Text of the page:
All schools in the Archdiocese of Portland, including O’Hara School in Eugene, will close for the remainder of the month — and possibly longer — starting March 16. (Wikipedia)
All schools in the Archdiocese of Portland, including O’Hara School in Eugene, will close for the remainder of the month — and possibly longer — starting March 16. (Wikipedia)

School administrators in the Archdiocese of Portland have attempted to respond deftly to the new coronavirus based on the latest information — along with forethought, ongoing communication with parents and calm. On Friday, March 13, the archdiocese’s Department of Catholic Schools decided to close all archdiocesan schools from Monday, March 16, through the end of the month as a means to mitigate the spread of COVID-19.

The department has been following updates from the Centers for Disease Control and Prevention and the Oregon Health Authority. It made the decision after Oregon Gov. Kate Brown ordered the state’s public schools to cancel classes through March 31.

“We know that many families are facing hardships during this unusual time,” said Jeannie Ray-Timoney, Catholic schools superintendent, in a statement March 13. “It is affecting everyone in different ways. We pray that each of you will experience God’s grace to guide you through.”

Schools have plans in place for distance/digital learning to keep the educational process moving forward, according to the schools department, and each school has communicated its plan to students and parents. The department previously had asked all schools to create strategies that would allow for continued instruction if they were forced to close temporarily.

Before the school buildings were shut, schools had amped up efforts to prevent the spread of germs. School communities were reminded regularly to practice the recommendations from the CDC, including what’s become a national mantra — to wash hands often with soap and water for at least 20 seconds (approximately one round of the ABCs, or a reverent Hail Mary).

“Right now we are trying not to go into panic mode,” said Franciscan Sister Therese Gutting, head of Franciscan Montessori Earth School in Southeast Portland, a few days before the school closures were announced.

Regis-St. Mary in Stayton, Marist in Eugene and Central Catholic in Portland are all archdiocesan high schools and follow directives from the schools department. Non-archdiocesan high schools are also choosing to move to online learning, including Valley Catholic in Beaverton and St. Mary in Medford.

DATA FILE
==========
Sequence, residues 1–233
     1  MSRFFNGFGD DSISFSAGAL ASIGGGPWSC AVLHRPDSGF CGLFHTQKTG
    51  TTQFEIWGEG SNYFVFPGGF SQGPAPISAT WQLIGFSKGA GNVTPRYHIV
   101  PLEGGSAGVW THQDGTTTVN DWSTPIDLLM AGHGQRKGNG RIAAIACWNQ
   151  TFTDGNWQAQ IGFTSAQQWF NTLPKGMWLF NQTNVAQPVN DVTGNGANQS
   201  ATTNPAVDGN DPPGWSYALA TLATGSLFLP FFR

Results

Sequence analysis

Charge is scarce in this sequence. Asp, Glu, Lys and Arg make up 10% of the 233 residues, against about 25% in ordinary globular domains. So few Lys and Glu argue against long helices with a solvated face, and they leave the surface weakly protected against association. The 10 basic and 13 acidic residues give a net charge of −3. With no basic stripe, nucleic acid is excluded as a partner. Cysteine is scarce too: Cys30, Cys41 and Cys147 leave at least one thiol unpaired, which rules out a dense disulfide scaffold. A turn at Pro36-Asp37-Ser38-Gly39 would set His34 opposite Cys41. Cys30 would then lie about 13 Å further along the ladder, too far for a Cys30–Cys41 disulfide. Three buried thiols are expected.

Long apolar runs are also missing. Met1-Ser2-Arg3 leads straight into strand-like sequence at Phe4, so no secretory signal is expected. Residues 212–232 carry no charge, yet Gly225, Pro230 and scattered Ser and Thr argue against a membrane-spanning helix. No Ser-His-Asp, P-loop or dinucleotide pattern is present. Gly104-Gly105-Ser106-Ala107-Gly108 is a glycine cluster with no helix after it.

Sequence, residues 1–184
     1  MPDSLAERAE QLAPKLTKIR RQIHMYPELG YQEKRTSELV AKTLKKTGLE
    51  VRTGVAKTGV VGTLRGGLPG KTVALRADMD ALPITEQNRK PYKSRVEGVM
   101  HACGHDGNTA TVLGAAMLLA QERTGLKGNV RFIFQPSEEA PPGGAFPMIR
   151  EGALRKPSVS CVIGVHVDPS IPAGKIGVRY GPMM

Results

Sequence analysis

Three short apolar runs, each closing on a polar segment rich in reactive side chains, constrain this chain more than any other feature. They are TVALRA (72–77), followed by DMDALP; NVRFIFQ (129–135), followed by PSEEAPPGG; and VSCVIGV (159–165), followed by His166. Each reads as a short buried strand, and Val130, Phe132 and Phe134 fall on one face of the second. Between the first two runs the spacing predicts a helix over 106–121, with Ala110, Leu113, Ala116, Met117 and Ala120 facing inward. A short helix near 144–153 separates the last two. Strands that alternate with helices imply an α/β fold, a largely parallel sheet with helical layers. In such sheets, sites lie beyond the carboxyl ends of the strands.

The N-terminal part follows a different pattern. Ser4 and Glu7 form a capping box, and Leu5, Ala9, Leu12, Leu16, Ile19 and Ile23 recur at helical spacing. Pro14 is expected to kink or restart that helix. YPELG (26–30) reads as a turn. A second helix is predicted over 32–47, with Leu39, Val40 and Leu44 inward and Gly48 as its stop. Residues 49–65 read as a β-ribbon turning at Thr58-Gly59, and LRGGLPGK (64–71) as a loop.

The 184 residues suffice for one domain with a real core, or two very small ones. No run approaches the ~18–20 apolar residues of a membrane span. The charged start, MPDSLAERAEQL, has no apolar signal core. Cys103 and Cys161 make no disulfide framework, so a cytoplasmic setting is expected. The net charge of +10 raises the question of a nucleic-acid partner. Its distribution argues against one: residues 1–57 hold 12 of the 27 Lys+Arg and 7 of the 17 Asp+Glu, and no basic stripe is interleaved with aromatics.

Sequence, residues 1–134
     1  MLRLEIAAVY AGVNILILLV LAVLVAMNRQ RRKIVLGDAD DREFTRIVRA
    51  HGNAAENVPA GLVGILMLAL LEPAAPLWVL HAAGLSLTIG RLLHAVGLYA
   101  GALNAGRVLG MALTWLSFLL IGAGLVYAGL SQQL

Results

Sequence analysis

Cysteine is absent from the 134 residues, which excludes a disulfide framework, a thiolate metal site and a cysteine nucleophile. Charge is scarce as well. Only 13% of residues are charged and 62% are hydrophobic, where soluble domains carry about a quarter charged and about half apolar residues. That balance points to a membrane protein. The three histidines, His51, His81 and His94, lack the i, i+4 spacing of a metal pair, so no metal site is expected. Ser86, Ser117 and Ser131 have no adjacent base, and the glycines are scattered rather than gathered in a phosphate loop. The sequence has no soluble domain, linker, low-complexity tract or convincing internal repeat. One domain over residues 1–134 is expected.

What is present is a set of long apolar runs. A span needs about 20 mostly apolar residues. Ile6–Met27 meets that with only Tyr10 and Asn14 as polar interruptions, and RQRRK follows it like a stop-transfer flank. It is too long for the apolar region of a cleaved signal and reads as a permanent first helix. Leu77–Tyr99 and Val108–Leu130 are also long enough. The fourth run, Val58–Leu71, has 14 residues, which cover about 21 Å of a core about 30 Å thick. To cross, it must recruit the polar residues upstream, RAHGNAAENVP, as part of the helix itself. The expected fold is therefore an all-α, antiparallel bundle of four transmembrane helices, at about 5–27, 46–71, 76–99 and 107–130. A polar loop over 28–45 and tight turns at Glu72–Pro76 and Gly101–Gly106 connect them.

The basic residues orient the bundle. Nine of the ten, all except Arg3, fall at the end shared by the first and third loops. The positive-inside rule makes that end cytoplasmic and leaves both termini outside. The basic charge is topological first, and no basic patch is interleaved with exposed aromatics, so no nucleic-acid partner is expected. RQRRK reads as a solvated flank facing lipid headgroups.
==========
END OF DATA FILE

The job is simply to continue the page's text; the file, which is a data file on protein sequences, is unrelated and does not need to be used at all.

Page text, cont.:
“Students will have zero disruption in their education as all courses will be taught by St. Mary’s teachers online,” read a press release from St. Mary.

St. Mary’s Academy and Jesuit High School in Southwest Portland also have opted for digital learning.

There have been no presumptive cases of the virus at the schools, but administrators are attempting to slow the spread as national and regional health officials indicate social distancing is a key component in lessening the impact.

Principals were told that if the schools fall below the minimum number of instructional days, the superintendent will determine next steps.

The University of Portland switched to all online instruction as of March 16.

Some Archdiocese of Portland seminarians are studying in Italy, the worst-hit country after China. As of this printing, here have been more than 1,800 COVID-19-related deaths in Italy, with total number of cases hitting nearly 25,000.

The Italian government ordered closure of universities, including those attended by students at the Pontifical North American College. Though classes halted, in-house formation has continued.

Sarah Bertrand of the archdiocese’s clergy office said there are no plans to bring Oregon seminarians home. Father Adam Park, vice rector at the North American College, said in a note to vocations directors that travel may cause more chance for exposure than staying put in the school.

Prior to the closures, staff at schools throughout western Oregon tried to combat misinformation among young students and help them process emotions.

“We recognize students can be nervous and feel helpless,” said Tammy Conway, principal of O’Hara School in Eugene a few days before the schools closed. School staff encouraged young people to pray for those who are affected, she said, and for all “our wonderful medical professionals who are caring for them.”

For updates from the Portland archdiocesan Department of Catholic Schools, go to: